RoughRider Eases the Way for Wheelchair Users in Mexico

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Duke Duncan, a public health professor at the University of Arizona, is supporting e

Duke Duncan, a public health professor at the University of Arizona, is supporting efforts to bring the RoughRider to wheelchair users in Mexico through the Arizona Sonora Border Project (Photo by Cecelia Marshall).

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Getting around some parts of Mexico can be difficult for people who use wheelchairs. It’s like an obstacle course: there are potholes, uneven sidewalks and muddy dirt roads.

But the nonprofit Arizona Sonora Borders Project is making it easier for people in wheel chairs to get moving across Mexico—thanks to the RoughRider.

At first glance, the RoughRider looks like your regular wheelchair. It has big wheels in the back and small wheels in the front. But Duke Duncan, a public health professor at the University of Arizona and enthusiastic partner of the Arizona Sonora Border Project, says the man who designed the RoughRider was after something unique and rather different from the average wheelchair.

“The chairs are made from scratch,” said Duncan. “We have pieces of pipe and he has a bender that can shape these things so the shaping can be done to make the chair.”

The all-terrain RoughRider was developed by Ralph Hotchkiss, an engineer in San Francisco who uses a wheelchair himself. In a YouTube video, Hotchkiss explains how he makes these chairs.

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See videos of the RoughRider in action with developer Ralf Hotchkiss (Photo Supplied by Whirlwind Wheelchair International).

The RoughRider wheelchair can essentially go off-roading, making its way over roots, rocks and other obstacles. It’s now sold worldwide, and commercials like this one are getting people’s attention:

The RoughRider wheelchairs are especially popular in Mexico, where wheelchair users don’t always have access to smooth sidewalks or ramps. Duncan says the RoughRider is making it easier for people in Mexico and other parts of the world to get around.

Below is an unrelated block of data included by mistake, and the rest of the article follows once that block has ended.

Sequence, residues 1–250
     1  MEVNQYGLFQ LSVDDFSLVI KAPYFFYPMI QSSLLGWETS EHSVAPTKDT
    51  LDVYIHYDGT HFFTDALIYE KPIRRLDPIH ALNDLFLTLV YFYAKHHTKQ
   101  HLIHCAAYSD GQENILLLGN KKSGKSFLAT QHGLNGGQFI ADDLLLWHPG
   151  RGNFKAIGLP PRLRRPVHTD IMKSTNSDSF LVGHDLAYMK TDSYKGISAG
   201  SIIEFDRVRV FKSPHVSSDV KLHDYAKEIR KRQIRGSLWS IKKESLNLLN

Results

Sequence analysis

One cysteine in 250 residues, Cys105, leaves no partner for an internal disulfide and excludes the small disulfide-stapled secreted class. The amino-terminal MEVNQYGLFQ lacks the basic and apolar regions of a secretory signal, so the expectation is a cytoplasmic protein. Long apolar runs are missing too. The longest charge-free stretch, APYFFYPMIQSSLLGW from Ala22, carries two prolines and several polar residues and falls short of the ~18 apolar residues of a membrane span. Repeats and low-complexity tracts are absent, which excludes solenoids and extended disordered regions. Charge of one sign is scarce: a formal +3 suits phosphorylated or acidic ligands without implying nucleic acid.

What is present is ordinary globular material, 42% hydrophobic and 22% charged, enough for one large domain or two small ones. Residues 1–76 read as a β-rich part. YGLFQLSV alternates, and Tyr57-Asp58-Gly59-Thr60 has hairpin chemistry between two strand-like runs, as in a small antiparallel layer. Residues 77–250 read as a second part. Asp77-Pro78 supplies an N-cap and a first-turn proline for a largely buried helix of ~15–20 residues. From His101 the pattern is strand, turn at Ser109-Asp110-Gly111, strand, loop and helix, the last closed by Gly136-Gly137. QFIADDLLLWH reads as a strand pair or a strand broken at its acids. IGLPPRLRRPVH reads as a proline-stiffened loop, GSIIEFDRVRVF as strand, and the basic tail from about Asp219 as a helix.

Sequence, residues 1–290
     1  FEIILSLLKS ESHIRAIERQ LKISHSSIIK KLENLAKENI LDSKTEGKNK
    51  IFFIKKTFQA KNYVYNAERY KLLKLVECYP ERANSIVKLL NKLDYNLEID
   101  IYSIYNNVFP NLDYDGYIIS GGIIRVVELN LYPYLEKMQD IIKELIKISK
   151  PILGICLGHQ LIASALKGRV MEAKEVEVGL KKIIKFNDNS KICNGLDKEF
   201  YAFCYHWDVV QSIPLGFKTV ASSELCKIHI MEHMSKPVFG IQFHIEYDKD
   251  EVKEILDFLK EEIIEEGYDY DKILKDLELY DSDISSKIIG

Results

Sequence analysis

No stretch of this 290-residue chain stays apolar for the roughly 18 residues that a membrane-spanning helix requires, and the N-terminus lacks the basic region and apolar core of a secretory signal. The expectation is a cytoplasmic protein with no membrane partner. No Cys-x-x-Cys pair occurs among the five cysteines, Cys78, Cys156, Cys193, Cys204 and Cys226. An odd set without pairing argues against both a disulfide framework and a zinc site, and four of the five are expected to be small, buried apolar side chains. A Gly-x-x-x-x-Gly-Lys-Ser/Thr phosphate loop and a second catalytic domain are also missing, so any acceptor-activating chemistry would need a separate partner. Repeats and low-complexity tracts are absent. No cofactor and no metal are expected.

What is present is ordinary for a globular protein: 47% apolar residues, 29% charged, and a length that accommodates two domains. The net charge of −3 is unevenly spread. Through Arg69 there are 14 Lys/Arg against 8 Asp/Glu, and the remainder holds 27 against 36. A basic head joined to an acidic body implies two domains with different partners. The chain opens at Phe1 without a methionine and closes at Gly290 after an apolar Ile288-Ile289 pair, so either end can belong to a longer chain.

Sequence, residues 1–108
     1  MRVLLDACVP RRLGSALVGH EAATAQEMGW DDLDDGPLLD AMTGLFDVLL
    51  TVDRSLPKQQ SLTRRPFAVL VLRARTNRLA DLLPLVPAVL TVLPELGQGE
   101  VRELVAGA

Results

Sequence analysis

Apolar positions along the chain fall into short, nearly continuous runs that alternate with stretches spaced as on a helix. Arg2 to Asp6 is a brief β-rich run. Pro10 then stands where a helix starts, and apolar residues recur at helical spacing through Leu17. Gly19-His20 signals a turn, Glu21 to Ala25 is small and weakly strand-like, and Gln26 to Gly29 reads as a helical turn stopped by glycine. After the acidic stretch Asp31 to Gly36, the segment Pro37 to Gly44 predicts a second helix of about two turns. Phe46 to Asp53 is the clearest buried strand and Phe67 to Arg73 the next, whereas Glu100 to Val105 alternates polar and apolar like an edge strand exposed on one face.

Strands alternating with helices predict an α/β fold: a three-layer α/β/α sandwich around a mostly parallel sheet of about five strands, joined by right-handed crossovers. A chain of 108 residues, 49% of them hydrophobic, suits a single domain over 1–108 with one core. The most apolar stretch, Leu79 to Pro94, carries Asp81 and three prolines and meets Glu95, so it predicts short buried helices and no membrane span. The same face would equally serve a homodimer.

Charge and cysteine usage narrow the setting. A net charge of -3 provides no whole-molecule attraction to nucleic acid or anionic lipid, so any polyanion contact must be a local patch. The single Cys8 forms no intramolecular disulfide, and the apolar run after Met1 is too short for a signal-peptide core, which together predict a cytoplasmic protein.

“You see people …. in wheelchairs that are not that appropriate for the terrain in which they are there. And I also know there are a lot of organizations that contribute wheelchairs to developing countries but know these wheelchairs were not appropriate nor did they last very long,” he said. “So when the wheelchair broke down, they were gone. There was no way to repair it.”

Kiko Terrera manages the All Terrain Wheelchair Shop in Nogales, Sonora. It’s part of the Arizona Sonora Border Project, builds RoughRiders and provides them at low cost to wheelchair users in Mexico.

“It makes their lives a lot easier and they can definitely live a more dignified life,” said Terrera in a phone call from his shop.

Despite the Arizona Sonora Border Project’s efforts to keep costs down, a customized wheelchair like the RoughRider can cost more than $250, putting it out of financial reach for a lot of people in Mexico, Duncan says. He says the nonprofit is trying to find new sources of funding to buy these chairs.

“We need people to help subsidize the families to pay the difference between the cost of the chair and what they can afford,” said Duncan.

Duncan says his work doesn’t end with the RoughRider. He also has plans in the works to provide prosthetics, hearing aids and walkers for people in Mexico who have trouble getting around.

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